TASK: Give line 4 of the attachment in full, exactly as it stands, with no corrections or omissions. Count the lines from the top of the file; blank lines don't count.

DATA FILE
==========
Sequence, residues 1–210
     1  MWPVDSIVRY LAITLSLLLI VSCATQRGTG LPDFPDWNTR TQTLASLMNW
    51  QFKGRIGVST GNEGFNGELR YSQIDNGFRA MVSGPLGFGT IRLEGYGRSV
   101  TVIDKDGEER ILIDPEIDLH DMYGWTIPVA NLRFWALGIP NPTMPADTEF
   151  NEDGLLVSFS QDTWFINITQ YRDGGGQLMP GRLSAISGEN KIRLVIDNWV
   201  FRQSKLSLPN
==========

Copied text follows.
   101  TVIDKDGEER ILIDPEIDLH DMYGWTIPVA NLRFWALGIP NPTMPADTEF